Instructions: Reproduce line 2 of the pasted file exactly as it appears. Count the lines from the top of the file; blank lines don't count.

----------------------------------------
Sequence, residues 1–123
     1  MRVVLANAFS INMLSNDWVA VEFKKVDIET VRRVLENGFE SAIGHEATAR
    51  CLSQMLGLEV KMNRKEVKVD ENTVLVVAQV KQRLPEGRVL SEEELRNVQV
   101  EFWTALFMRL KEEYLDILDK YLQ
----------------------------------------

     1  MRVVLANAFS INMLSNDWVA VEFKKVDIET VRRVLENGFE SAIGHEATAR